Trudeau’s cry of libel sounds hollow
Read this article for free:
Already have an account? Log in here »
To continue reading, please subscribe:
Monthly Digital Subscription
$4.75 per week*
- Enjoy unlimited reading on winnipegfreepress.com
- Read the E-Edition, our digital replica newspaper
- Access News Break, our award-winning app
- Play interactive puzzles
*Billed as $19.00 plus GST every four weeks. Cancel anytime.
Hey there, time traveller!
This article was published 08/04/2019 (1522 days ago), so information in it may no longer be current.
Prime Minister Justin Trudeau’s threat to sue Andrew Scheer for libel hit the Conservative leader with all the force of a wet noodle. Mr. Scheer welcomed the chance to debate the SNC-Lavalin case in a court of law and dared Mr. Trudeau to press his claim. He also had reason to thank the prime minister for fanning a new flame from the dying embers of this year’s Liberal cabinet resignations.
Jody Wilson-Raybould quit cabinet on Feb. 12 and Jane Philpott followed her out on March 4 on account of a quarrel in cabinet over prosecuting engineering firm SNC-Lavalin for bribery, as opposed to cutting a deal with the firm.
Mr. Scheer proudly disclosed on Sunday the letter he had received a week earlier from Toronto litigator Julian Porter, representing Mr. Trudeau, threatening a suit for libel. On a quick read, the letter seems to announce dire consequences for Mr. Scheer. On closer examination, it is pretty thin stuff.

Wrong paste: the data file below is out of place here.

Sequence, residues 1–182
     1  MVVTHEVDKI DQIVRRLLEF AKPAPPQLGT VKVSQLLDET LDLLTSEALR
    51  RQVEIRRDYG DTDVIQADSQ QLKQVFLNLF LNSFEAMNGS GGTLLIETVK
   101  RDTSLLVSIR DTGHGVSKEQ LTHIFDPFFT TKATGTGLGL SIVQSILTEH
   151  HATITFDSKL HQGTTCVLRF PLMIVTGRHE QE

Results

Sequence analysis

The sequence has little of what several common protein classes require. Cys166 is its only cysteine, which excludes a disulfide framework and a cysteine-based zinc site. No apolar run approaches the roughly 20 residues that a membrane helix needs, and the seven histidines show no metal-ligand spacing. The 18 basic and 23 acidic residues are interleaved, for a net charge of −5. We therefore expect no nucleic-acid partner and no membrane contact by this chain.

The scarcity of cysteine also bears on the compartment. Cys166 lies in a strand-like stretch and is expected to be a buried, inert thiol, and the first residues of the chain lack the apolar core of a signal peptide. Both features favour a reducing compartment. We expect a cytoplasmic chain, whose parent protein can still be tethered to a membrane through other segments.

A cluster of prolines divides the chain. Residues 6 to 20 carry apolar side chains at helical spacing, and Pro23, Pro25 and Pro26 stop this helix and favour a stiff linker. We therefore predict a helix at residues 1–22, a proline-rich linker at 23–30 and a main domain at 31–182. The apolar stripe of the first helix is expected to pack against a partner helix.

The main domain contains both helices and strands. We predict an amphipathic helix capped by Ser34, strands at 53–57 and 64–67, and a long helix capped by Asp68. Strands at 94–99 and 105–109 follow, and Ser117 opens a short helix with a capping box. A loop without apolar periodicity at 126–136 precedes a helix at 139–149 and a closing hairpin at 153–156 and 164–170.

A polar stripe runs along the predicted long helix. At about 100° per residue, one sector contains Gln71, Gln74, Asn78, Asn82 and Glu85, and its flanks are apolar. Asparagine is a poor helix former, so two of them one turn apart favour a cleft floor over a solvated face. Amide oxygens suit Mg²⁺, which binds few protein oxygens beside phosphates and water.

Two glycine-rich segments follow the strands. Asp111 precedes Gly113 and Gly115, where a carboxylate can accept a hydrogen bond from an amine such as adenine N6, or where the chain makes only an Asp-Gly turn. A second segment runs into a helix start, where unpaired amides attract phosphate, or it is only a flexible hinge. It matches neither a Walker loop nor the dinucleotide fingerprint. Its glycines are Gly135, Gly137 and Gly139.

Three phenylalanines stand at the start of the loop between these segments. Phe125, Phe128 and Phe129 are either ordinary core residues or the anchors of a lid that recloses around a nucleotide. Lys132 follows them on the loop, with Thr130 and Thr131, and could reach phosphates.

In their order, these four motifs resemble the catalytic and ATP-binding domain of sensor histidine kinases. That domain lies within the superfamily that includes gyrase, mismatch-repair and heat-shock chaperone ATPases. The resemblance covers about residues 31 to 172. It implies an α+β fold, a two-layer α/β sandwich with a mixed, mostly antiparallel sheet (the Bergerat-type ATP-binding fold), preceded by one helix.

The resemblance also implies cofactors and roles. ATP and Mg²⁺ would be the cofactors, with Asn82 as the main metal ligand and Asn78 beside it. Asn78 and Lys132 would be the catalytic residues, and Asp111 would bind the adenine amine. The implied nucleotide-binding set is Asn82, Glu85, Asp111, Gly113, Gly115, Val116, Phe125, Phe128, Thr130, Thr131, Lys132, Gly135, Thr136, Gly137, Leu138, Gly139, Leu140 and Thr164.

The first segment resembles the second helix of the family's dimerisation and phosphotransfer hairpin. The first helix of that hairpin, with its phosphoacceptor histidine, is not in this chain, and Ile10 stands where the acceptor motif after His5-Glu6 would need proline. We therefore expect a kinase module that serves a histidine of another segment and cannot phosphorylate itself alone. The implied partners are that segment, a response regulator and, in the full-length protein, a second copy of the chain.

Mr. Scheer had complained that the prime minister “led a campaign to politically interfere with SNC-Lavalin’s criminal prosecution.” That’s false, Mr. Trudeau’s champion says, because there was no actual interference.
The underlying facts are well-known: Mr. Trudeau tried through multiple channels to get Wilson-Raybould, his justice minister, to tell her prosecutors to grant a deferred prosecution agreement to SNC-Lavalin. The minister refused. Mr. Trudeau’s purpose may or may not have been legitimate, but in the court of public opinion, there is no doubt he led a campaign to change her mind. His lawyer’s attempt to deny it misfired.
Mr. Scheer described Mr. Trudeau’s role in the case as “corruption upon corruption upon corruption.” Mr. Trudeau’s lawyer thinks that is false because in the Criminal Code, corruption is a crime good for up to 14 years in prison. But corruption is also a term thrown around freely in Canadian political debate to mean something the speaker doesn’t like — just a run-of-the-mill rant.
Mr. Scheer had complained that Mr. Trudeau gave the orders to grant SNC-Lavalin a free pass around bribery charges and when the justice minister refused, he fired her. That is a tendentious reading of the events, but only a little way off the mark. Mr. Trudeau’s lawyer supplies the words “he acted with malice and an improper purpose” and attributes that meaning to Mr. Scheer, then denies the malice and the improper purpose. And so, another strawman bites the dust.
No doubt Mr. Porter did the best he could with the material available, but his letter on Mr. Trudeau’s behalf was a dud. As intimidation, it failed, as seen by Mr. Scheer’s response. As a contribution to Canadian political debate, it was merely a series of evasions.
Mr. Porter would have served his client better by telling him to pursue the political debate in the political arena. A political solution is available since an election will be held this year, much sooner than a libel action started now would ever come to court. Already, the Conservatives have abandoned their House of Commons filibuster, sensing, perhaps, that the public is growing bored with the SNC-Lavalin story.
Mr. Scheer’s version of events should not be suppressed or judicially punished. Canadians are perfectly capable of comparing his version with the known facts and judging whether he is right.